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The 2011 ASHS Annual Conference

Row Covers Should Not Be Viewed As a Stand Alone Technology for Strawberry Frost and Freeze Protection

Sunday, September 25, 2011: 3:30 PM
Queens 6
E. Barclay Poling, Fellow, Dept of Horticultural Science, North Carolina State University, Raleigh, NC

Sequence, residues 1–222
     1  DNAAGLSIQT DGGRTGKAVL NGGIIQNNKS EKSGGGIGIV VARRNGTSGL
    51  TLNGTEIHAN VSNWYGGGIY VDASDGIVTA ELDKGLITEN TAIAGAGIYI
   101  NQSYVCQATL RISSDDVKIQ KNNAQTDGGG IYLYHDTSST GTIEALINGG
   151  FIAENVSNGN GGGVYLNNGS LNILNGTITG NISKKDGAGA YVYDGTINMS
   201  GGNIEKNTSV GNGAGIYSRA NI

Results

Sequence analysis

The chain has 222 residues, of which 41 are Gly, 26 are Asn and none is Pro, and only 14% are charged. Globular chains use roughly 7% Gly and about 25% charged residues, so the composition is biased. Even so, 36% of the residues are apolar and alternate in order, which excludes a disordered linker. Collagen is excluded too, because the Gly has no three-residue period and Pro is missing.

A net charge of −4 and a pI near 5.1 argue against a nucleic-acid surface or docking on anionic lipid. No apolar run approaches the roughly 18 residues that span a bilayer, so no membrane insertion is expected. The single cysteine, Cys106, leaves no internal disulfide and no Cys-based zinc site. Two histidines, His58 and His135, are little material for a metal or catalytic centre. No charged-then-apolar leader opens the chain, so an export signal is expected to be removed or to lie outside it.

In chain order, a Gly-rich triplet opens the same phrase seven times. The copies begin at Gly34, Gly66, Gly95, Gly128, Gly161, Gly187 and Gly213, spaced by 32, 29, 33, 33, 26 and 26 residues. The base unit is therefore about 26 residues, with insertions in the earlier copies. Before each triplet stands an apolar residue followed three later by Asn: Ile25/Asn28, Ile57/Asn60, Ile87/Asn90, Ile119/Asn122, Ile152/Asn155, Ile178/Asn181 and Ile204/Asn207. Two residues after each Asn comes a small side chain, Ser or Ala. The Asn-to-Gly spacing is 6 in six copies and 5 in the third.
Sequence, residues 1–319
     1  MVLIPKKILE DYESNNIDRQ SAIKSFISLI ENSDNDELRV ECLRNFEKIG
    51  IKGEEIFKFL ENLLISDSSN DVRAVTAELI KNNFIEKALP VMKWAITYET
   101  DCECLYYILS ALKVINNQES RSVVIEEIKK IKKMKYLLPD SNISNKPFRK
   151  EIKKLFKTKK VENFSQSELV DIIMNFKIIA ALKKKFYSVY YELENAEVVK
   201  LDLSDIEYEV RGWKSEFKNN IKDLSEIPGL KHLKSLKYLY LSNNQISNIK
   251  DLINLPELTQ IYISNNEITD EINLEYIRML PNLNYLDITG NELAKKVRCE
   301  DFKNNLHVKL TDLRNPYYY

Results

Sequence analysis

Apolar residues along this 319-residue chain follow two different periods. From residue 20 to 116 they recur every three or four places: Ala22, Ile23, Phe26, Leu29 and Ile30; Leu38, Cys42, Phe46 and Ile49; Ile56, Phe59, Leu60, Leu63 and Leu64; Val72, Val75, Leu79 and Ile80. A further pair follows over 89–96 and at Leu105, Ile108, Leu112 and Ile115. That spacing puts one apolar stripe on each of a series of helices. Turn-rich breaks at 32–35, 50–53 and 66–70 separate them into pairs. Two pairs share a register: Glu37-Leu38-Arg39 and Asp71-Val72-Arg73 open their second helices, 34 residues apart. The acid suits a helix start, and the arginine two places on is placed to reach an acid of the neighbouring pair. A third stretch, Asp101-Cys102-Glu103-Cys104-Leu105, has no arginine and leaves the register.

A number of improvements are still needed in the performance of strawberry row covers before they can be viewed as a stand alone technology for strawberry frost and freeze protection, especially during the blossom period. Several of the problems with row covers for frost control in this important crop stage relate to: 1) unreliable blossom protection levels on nights of frost or freeze when prior-day weather conditions are cloudy and cold; 2) poorer pollination and fruit set when the crop must stay covered for several consecutive days and nights because of frost concerns; 3) mechanical damage to the crop from row cover 'flapping' against the crop on spring days and nights of very high winds; and 4) it may not be feasible for the operator to  find enough hand labor to keep applying and removing covers on a daily basis during a spring of multiple frost episodes like the spring of 2011 in North Carolina. On one of the radiation frost nights in the Sandhills of North Carolina (March 29), growers who were fully dependent row covers experienced much higher blossom losses than producers using sprinkler irrigation. On this occasion, the daytime conditions prior to the frost event were overcast and cold (~10 °C), and this prevented any significant build-up of heat beneath the covers during the day.  That night,  air temperatures beneath the covers dropped slightly below 0 °C, and with dew point temperatures in the range of –1.1 °C to 0 °C, a damaging frost occurred underneath the cover. Growers using sprinkler irrigation, or who used irrigation as a back-up for row covers during this high dew point radiation event, had nearly perfect protection. However, blossom losses approached 15% for growers who relied on row covers alone. The mechanization of row cover application and removal represents an important solution to a number of the current problems associated with row covers, but there also needs to be wider recognition given to the continuing importance of  sprinkler irrigation in a fully integrated strawberry frost and freeze management program.